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Corporate actors: The legal status of mercenaries in armed conflict

30-09-2006 Article, International Review of the Red Cross, No. 863, by Katherine Fallah

This article critically surveys the conventional law as it applies to mercenaries, and considers the extent to which corporate actors might meet the legal definitions of a ‘‘mercenary’’. It demonstrates that even mercenaries receive protection under international humanitarian law.

   

Katherine Fallah
is Ph.D. candidate at the University of Sydney, presently working as a Research Associate to the Judges of the Federal Court of Australia. 

 
Abstract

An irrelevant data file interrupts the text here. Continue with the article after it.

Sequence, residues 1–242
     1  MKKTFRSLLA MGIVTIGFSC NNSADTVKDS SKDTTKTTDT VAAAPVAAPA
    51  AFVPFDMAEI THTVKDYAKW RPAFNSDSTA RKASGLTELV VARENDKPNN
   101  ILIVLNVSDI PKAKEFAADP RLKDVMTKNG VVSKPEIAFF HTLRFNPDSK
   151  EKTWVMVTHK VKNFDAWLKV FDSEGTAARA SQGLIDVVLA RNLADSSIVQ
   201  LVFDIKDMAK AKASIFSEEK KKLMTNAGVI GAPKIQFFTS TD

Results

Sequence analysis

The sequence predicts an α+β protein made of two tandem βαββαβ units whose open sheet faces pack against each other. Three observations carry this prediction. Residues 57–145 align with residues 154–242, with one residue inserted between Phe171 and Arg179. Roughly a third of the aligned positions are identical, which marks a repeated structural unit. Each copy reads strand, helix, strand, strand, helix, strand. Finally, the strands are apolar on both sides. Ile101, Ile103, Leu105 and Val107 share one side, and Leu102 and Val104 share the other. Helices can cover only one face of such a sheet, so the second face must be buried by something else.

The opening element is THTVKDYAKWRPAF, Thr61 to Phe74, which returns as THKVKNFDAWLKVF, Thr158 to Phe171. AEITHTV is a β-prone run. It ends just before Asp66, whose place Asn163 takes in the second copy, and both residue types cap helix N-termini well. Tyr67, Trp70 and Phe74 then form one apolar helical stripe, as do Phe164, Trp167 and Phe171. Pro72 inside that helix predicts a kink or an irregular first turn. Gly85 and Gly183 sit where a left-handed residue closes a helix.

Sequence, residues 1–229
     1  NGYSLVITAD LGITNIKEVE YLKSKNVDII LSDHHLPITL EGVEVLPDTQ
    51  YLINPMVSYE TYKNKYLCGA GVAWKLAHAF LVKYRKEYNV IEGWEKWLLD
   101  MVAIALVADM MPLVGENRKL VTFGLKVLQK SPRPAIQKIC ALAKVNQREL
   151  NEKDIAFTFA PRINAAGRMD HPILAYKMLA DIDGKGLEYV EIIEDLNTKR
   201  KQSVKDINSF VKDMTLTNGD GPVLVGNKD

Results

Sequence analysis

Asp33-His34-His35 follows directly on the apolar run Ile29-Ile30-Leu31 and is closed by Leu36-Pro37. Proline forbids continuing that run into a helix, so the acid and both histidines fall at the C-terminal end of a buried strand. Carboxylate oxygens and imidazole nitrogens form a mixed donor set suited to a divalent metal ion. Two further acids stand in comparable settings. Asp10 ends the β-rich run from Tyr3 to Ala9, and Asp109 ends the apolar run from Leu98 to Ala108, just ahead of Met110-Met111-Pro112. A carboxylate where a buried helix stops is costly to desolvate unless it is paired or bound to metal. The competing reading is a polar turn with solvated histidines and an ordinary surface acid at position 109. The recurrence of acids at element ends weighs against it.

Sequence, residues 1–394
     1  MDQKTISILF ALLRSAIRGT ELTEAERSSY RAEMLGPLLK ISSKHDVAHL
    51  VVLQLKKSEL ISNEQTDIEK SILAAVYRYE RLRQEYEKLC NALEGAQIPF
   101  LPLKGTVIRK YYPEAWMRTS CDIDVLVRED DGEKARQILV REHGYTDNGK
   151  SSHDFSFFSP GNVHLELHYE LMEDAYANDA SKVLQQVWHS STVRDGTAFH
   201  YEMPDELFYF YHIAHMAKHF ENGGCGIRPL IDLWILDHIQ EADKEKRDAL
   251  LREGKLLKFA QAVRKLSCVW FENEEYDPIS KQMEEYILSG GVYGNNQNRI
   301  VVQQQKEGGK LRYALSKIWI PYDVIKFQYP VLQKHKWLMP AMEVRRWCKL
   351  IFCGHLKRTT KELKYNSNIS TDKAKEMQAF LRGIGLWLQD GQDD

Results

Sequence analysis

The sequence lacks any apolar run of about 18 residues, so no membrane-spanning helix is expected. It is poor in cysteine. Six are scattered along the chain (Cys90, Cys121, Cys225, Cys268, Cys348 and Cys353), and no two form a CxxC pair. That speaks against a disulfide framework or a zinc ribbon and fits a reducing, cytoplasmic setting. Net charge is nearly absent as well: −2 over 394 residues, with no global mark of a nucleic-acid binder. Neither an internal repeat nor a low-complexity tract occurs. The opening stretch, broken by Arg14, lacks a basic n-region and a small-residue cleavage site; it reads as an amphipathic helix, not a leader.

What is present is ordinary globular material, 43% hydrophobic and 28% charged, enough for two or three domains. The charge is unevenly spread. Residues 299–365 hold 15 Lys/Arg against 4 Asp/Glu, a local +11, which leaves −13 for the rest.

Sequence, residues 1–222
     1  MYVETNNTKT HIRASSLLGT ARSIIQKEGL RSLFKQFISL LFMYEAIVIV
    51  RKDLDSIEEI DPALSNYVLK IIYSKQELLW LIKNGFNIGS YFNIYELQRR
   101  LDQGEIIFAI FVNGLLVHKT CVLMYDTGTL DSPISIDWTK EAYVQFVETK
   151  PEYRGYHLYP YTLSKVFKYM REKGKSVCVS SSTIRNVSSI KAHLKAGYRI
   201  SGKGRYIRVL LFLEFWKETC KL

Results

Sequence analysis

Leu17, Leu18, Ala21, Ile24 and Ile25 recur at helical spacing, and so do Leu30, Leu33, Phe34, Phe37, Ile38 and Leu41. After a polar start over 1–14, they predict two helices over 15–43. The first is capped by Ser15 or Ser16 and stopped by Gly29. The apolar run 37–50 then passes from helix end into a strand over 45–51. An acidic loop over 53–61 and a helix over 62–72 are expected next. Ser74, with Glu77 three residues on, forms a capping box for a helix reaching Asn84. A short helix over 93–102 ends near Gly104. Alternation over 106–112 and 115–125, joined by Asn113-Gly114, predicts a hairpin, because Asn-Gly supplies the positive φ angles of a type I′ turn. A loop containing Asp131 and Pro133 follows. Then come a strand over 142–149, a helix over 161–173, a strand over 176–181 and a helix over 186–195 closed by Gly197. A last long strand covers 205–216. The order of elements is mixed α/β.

Corporate actors are taking on an increasingly significant role in the prosecution of modern warfare. Traditionally, an analysis of the law applicable to corporate actors in armed conflict commences with inquiry into the law as it applies to mercenaries. As such, the rise of the private military industry invites a reconsideration of the conventional approach to mercenaries under international law. This article critically surveys the conventional law as it applies to mercenaries, and considers the extent to which corporate actors might meet the legal definitions of a ‘‘mercenary’’. It demonstrates that even mercenaries receive protection under international humanitarian law.  

   
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